One reason I believe in God is that I don’t know how else to account for the favors I’ve been granted, especially Sally, my wife of constant memory, our children and their spouses, our grandchildren and my choice kinship with moms, dads, siblings and other in-laws. To believe in God, I might add, is to be hopeful.

            Every once in a while I update you about the progress of the rare disease I first acquired as OPCA, olivopontocerebellar atrophy, a form of parkinsonism. It is now known as MSA, multiple system atrophy, which is easier to spell but otherwise the same thing.

            Less than a month ago I moved out of my condo and into the cheerful home of my daughter and son-in-law, to which they added a sturdy stair riser, a spacious bedroom and bath for the stair riser rider, and plenty of space for my computer and its gadgets. Computers are treasures for folks who seldom leave home. They enable imaginations to go anywhere.

            All the while that I become slower and flimsier, I find that I have more time to be slow and more leisure to be flimsy. Not the best deal, maybe, but a deal. I tell people that I’m dizzy, but that’s because dizzy is the closest word I can think of to describe a complex feeling of being dazed, confused while spinning in a whirligig and occasionally tumbling. Bruises, yes, but nothing broken for the well padded.

            Even headaches  can be taken for granted, but some caution is called for to reduce choking. There are ways to communicate when lips sag into mumbling or the vocal cords freeze up, such as waving arms, rolling eyes or scribbling notes. There are things to do when eyes won’t process printed words for a while, or when a chapter just read vanishes.

            People with incurable diseases are not the only ones who deal with challenges. Everybody does, and everybody has satisfactions . We don’t get to make all the choices.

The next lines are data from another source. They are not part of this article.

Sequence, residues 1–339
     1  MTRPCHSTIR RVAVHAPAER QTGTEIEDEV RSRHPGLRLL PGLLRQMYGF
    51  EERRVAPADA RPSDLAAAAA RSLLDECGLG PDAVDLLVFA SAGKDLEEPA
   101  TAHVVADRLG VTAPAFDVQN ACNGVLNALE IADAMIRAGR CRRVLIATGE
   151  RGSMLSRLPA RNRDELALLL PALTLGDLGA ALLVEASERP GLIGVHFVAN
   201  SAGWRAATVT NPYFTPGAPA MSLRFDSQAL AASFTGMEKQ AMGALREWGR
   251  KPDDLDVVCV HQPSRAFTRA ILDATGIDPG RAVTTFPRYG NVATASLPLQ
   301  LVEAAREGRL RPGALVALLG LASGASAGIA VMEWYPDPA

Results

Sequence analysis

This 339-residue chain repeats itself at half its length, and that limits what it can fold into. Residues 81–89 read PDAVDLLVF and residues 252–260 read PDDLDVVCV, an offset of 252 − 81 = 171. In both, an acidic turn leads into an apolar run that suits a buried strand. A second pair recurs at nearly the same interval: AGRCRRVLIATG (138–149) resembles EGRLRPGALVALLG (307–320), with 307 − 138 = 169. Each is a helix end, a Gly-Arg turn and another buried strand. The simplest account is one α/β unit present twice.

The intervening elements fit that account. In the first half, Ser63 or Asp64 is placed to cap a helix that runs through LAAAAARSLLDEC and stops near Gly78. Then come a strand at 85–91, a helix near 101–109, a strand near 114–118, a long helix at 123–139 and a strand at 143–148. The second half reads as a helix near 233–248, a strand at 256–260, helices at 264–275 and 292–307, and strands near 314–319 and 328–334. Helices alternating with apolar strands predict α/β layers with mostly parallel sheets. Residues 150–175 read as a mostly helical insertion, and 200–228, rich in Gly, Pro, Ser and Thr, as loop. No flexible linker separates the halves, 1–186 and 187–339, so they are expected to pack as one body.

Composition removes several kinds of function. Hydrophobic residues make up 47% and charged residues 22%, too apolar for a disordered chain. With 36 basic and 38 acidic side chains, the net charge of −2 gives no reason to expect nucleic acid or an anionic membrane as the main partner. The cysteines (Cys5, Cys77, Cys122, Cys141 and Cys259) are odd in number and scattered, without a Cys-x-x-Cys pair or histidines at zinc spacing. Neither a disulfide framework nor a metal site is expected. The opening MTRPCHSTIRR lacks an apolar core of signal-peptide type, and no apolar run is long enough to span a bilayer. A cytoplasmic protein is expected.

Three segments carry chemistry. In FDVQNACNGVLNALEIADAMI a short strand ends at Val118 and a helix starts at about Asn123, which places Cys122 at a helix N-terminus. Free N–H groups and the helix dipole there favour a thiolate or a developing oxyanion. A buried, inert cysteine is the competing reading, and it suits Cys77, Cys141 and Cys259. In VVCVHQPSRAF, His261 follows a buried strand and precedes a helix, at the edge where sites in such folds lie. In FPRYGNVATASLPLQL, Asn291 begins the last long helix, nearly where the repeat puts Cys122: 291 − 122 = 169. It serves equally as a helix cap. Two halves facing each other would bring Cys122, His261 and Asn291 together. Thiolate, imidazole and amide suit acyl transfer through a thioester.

We don’t always know we’re making them.

 

 

           

           

             

Wednesday, February 19, 2014

Time to strip


 
 
 
This is the morning I’m supposed to strip my bed. The sheets and pillow cases are to go into the sturdy wooden hamper I made in shop class in 1936. Later today the bed and mattress will be hauled to my new address.
 
I’m not going with it. I’ll spend a few more days here in the condo Sally and I moved into more than a dozen years ago. The bedrooms will have no beds in them, so I’ll get to use the foldaway sofa bed in the family room.
 
The huge change here happened when Sally left for the hospital and didn’t come back. That was in 2002, not long after Tom became our cat.
 
Yesterday there was a different kind of change when two brothers came from the monastery to choose hundreds of books for transfer to their Benedictine library. It took me a while to figure out that the great Mind of all creation, the one Paul refers to in his the second chapter of his letter to the Philippians, provided those addictive shelves for nearly a lifetime of pleasure. Now I’m returning them, and there’s pleasure in knowing they won’t get dusty in their new place.
 
I still have some books on religion, reference books for writers, even some very old Perry Mason hardcovers, but anybody who’s interested in having any of them should get in touch with me very soon. I expect to complete my move into the loving lively home of my daughter and son-in-law within a few days. One of the first things I’ll do is locate fresh sheets for that bed. I can think and change sheets at the same time, so I’ll be thinking how blessed I am by family and friends.
 
               *Let this mind be in you, which was also in Christ Jesus. Philippians 2:5.
 
 
 
 
 
 
 
 


Wednesday, February 5, 2014

Still looking for the right words

A high school classmate sent me copies of two little poems I wrote for a school magazine in 1940. They survived the mice for almost three-quarters of a century, and the ink has not peeled off.
 
What we kids liked most about poems was the sound of them.
 
            “Shoot if you must this old gray head,
            but spare your country’s flag,” she said.
            John Greenleaf Whittier kept his quill in tune.
 
            Once upon a midnight dreary, while I pondered,
            weak and weary…
            While I nodded, nearly napping, suddenly there came
            a tapping,
            As to some one gently rapping…
            Edgar Allen Poe knew tintinnabulation, and how to use it.
 
The rockets and dive bombers of World War II were thundering across Europe, and the war was spilling over into Africa. The U.S. was legally at peace, but the vibes of blitzkreig were felt everywhere. Pearl Harbor was not far ahead.